It is believed that music accompanied comedies and pantomimes. However, there is no evidence if music was composed for epics and poetry as it was for the Greeks. Music was used in the wars, for funerals, and during public gatherings and performances. Musical competitions would be regularly held during the Roman rule, and they had a large audience too.

Wind Instruments

The Roman tuba was a long, straight horn, about four feet in length. It was made of bronze and had a detachable bone mouthpiece. It was borrowed by the Romans from the Etruscans and it assumed an important place in military activities sometime around 500 BC. The Romans used the tuba to make bugle calls to signal commands like ‘charge’, ‘retreat’ and changing of guard in battles.

It was a semicircular, ‘G’ shaped musical instrument that was made out of bronze. It had a cross bar across the widest part that helped the player to rest the instrument on his shoulder. It had a conical bore and a mouthpiece made out of bone. It had great wartime utility.

It consisted of two reed pipes that were not joined other than at the mouth band that the player used to blow into. It is believed that there was a less popular version of the tibia that had a single pipe. This instrument has a mythological association. Its ancient Greek equivalent was aulos. It is said that the aulos was found by the satyr Marsyas after Athena threw it away when she realized that her face became contorted whenever she tried to play the Aulos. The less popular single pipe aulos has today come to be known as the flute and is used extensively in local folklore. It produces a simple and soothing musical experience. It is easier to make and tune than the Aulos.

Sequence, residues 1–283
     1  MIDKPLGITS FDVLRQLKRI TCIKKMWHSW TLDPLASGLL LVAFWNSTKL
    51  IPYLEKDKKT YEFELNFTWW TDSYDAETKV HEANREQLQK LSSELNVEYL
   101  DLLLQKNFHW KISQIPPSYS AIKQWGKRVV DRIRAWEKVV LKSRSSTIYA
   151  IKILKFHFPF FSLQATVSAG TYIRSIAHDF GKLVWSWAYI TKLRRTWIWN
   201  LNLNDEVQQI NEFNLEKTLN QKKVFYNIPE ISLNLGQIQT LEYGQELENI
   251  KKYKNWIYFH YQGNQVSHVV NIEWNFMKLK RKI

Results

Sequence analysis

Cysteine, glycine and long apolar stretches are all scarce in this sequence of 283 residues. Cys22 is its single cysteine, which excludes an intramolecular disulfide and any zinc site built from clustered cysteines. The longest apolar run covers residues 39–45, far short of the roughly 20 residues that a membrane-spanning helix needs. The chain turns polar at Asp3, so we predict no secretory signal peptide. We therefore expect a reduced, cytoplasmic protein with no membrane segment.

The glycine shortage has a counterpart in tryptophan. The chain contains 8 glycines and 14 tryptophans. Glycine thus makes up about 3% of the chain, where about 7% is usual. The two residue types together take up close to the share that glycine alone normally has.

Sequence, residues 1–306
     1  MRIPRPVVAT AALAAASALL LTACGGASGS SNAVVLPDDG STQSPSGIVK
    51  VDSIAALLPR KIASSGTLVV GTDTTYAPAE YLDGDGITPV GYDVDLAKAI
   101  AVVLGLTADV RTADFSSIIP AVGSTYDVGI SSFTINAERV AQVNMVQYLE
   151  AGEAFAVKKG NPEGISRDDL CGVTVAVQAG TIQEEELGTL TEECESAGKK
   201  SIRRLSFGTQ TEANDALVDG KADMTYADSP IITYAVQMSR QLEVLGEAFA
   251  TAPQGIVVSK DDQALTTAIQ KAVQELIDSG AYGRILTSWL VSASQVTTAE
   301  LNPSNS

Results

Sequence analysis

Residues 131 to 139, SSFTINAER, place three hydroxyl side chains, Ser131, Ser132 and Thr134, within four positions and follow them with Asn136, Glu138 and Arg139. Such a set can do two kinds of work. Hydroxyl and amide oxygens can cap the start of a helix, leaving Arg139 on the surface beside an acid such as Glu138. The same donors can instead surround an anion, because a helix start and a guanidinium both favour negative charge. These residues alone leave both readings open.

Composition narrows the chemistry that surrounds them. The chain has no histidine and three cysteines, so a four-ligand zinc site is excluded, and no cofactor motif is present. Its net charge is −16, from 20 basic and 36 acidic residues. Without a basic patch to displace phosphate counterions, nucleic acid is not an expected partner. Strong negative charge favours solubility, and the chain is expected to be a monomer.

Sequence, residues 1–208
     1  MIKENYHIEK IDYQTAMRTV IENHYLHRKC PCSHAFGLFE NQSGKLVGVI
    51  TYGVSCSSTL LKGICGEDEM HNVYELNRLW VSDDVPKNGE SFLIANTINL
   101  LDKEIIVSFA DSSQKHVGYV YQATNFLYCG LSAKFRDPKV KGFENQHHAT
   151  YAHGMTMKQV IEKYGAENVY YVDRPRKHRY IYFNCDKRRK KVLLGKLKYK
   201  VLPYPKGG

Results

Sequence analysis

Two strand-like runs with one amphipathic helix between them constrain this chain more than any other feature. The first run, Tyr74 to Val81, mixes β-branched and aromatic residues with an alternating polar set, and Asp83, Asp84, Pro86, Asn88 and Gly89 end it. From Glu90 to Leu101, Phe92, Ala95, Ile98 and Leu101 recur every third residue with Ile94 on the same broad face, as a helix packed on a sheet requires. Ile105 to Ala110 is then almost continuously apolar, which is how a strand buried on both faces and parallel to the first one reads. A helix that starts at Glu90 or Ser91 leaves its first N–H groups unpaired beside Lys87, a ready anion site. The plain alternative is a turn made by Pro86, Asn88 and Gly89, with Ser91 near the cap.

Take Care Musical Instruments

It is a well-known fact that taking care of a musical instrument is considered an essential part of learning to play that instrument. Proper care of musical instruments helps to consistently maintain the quality of their musical output. Musical instruments vary in their size, usability and manufacturing material. Depending upon these characteristics, the methods applied to take care of different instruments differ.
Caring for Wind Instruments
Wind instruments are those instruments that can be played by blowing air through their channels. Some popular wind instruments include flutes, saxophones, clarinets etc.


Never pick up the musical instrument by the keys. Ensure to hold the instrument at the two ends when removing it. The same care needs to be taken when replacing the instrument back after its use.
The channels of wind instruments tend to catch moisture due to the air blown through them when they are being played. This moisture can affect the internal surface of the instrument and create cracks in them, thus affecting the quality of the music emitted. Similarly, internal moisture may lead to fungal growth in the channels of the instrument.
Always use a clean cloth to clean your instrument. Usage of damp wiping material in any way should be avoided.
If the instrument is supposed to be assembled before its usage, then ensure that all joints are cleaned before they are assembled. The musician may also apply grease in very small proportions on corks if required.
Avoid consuming food before playing a wind instruments as there is a high chance of food particles being blown inside the instrument when playing it. This not only affects the quality of music emitted but makes the instrument unhygienic.